Shaking our world...in a gentle way
" In a gentle way you can shake the world" Gandhi
Last weekend was a maelstrom of mixed emotions and experiences. On Friday I formed part of a panel in Dunfermline to discuss Scotland a year on. We discussed everything from local to international politics and it was a fascinating evening. The YES signs were out and we revisited the days a year ago when we were so full of hope and also inevitably discussed the possibility of another referendum. The discussion was an almost painful mix of grief and hope.
Again on Saturday, Leith hosted a great afternoon spent looking forward over what we have learned and what we can do now and in the future.
We agreed that Scotland a year on is changed but also that in spite of our renewed confidence as a nation, the challenges for many of our most vulnerable haven't changed -in fact since the re-election of a Tory government it has got worse.
That was so obvious to me the next day as I collected for the food-banks in Edinburgh, outside the Scottish parliament. In Edinburgh a rich city, in a rich United Kingdom we collected for food in the streets for our poor and hungry. We need things that can be cooked quickly as fuel costs money too - and even food that needs no cooking as some who seek help have no fuel at all. Not only do we collect food but recently we collected for school uniforms and sanitary towels. Yes that's right. Let's pause for a moment to think of how it feels to be unable to afford sanitary protection as a woman or not be able to buy your child's school uniform. This reality not only robs people of their dignity but of the joy of being a parent too. I'm ashamed to stand by and watch this happen.
We rightly question the UK's attitude to refugees but if we look at how we treat our own vulnerable we really shouldn't be surprised. Welfare changes, punitive assessments with an approach that suggests guilty until proven innocent, benefit sanctions all combine to appear to treat our most vulnerable as an undeserving group not worthy of our compassion. I am ashamed to stand by and watch this happen.
Our doctors and teachers are now trained to look out for signs of malnutrition in our population in one of the richest nations on the earth. Just this week a court agreed the cause of one man's suicide was a direct result of his benefit being stopped. His case is not isolated. It's just the one that hit the courts. I am ashamed to stand by and watch this happen.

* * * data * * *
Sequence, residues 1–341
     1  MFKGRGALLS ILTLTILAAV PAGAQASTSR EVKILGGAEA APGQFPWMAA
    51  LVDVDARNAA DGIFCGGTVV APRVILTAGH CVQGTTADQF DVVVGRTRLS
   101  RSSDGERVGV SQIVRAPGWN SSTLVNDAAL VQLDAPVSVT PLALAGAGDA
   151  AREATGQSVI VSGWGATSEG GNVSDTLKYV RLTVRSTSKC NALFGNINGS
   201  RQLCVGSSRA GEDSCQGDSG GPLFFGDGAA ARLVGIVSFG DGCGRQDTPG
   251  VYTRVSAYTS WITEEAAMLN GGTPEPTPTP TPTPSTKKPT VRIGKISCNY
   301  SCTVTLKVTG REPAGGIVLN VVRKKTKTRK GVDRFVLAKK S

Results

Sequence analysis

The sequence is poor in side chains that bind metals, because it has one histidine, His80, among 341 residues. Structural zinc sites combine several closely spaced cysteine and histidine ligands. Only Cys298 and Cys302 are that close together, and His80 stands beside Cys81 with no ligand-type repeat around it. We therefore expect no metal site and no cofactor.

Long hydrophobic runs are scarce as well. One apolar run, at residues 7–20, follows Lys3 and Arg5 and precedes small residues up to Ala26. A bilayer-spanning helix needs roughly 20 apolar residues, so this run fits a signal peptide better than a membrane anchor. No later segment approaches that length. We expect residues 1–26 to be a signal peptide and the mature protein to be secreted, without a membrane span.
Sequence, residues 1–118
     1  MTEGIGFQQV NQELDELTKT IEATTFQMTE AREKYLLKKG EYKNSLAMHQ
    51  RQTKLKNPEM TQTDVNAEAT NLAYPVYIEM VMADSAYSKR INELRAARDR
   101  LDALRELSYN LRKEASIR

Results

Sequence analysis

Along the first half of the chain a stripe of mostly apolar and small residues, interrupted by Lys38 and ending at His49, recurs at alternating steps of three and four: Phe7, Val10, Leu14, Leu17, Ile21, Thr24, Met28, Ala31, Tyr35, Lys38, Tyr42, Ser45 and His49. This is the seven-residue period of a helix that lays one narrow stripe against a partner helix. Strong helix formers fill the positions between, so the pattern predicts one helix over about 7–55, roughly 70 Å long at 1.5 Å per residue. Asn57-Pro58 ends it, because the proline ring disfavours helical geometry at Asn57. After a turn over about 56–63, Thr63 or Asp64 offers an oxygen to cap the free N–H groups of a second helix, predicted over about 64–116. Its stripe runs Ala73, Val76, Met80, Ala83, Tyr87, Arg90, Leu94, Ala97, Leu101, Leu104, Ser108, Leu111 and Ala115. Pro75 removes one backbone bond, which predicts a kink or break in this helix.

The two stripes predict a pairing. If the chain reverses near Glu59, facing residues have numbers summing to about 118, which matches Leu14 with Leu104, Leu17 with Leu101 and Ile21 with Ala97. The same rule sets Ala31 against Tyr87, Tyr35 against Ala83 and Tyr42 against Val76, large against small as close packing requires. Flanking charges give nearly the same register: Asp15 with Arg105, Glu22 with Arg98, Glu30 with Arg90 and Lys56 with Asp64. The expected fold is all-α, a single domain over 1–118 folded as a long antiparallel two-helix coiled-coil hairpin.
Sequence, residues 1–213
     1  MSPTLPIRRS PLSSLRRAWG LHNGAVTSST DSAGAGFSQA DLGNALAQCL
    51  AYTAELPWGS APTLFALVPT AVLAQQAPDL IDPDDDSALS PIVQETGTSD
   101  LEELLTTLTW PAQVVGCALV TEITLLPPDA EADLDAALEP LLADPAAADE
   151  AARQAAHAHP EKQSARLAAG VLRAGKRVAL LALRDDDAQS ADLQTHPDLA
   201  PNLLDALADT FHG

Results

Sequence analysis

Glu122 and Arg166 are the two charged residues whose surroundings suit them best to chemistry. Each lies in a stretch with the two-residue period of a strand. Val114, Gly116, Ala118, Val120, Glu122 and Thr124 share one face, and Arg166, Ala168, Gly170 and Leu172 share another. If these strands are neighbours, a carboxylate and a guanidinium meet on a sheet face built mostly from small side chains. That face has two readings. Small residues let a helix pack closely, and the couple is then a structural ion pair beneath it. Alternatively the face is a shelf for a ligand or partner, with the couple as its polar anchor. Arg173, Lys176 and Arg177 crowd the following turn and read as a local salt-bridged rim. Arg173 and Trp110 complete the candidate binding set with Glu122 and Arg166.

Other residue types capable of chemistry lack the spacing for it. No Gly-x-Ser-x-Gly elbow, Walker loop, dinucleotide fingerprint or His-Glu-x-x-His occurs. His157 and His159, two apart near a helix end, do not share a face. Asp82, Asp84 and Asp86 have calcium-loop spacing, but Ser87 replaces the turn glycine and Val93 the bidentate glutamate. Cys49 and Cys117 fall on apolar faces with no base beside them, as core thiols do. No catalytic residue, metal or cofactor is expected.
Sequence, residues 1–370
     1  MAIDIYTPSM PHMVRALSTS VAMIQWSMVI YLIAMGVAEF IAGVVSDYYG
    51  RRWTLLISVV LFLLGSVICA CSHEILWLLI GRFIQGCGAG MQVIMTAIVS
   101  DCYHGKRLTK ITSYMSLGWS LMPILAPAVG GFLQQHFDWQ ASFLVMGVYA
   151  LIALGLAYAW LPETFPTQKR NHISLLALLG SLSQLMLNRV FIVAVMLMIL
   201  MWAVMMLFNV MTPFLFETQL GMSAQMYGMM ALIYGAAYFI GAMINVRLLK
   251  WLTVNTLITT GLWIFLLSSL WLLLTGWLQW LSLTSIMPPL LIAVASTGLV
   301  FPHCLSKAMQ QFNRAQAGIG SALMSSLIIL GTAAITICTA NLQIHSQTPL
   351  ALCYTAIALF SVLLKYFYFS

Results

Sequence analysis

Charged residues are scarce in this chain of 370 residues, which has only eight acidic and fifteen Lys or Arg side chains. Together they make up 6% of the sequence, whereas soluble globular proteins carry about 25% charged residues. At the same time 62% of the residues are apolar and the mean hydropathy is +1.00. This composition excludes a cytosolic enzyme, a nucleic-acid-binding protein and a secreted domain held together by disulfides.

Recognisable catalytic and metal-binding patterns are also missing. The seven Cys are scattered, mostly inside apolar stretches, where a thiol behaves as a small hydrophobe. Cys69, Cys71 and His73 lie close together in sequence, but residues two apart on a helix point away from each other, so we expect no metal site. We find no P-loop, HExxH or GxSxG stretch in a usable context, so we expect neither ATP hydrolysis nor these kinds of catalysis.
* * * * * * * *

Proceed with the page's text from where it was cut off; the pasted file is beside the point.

Like many I not only want to understand how to achieve a fairer, more equal healthier Scotland in the future but also what we can do now to do our best work towards it.
So I developed this short plan for my talks last week which I think can help now. Some of it we are already trying to tackle and some of it is huge given our current constitutional settlement like reducing inequality but not all of it is and so i believe we can all play our own part
1. Be bold with the powers ( new and old ) we have to show the difference we can make eg with new welfare powers. We need to do things differently in health and social care and respond to the national conversations on a healthier and fairer Scotland with our thoughts and proposals. Although its a meagre 14% of the welfare bill we will have devolved with the Scotland bill, within that we can and must shape a different approach that treats people with respect and dignity.
2. We must continue to build our confidence as a nation setting out our own stall eg for refugees and on human rights. The road to a different Scotland is a psychological journey too, we need to build a positive narrative along the way and ensure the experience is of a confident Scotland unafraid to plow it's own furrow.
3. We must increase our gender equality; this will improve and increase women's role in society, reduce domestic violence and build confidence and resilience. Our greatest untapped potential is our women and others who are treated unfairly in our culture; Scotland has a bright future if all our citizens can thrive and realise their full potential.
4. Build a healthier Scotland with a focus on wellness ( see more in theWEL; reduce inequality where we can, build affordable homes for people,give all people access to meaningful work, give our population access to real food not just processed food loaded with sugar and do all we can to get our people to be active and get access to this beautiful land of ours.
5. Support communities to connect and care; we need to live our lives with care and purpose. Our fastest growing long term condition is loneliness. The impact of this on our health is equivalent to smoking 15 cigarettes a day. Our lives disconnect us and we are social animals. We have prised independence above connection, we have more and more single households and we are now seeing the impact on our health and services too. Let's invest instead in ways to connect in our communities. Approaches like community gardens and community choirs are showing the benefits for people, so what else might we do that includes our most isolated and vulnerable?
6. And finally my suggestion is that we build a mindful Scotland in our schools and across institutions to help us improve our attention and resilience, as well as improving awareness of ourselves and others. Through mindfulness we will build compassion and empathy in our population too.
Let's work do our part and ensure we live now in a better Scotland, more ready to take the bold steps to realise our full potential as a nation.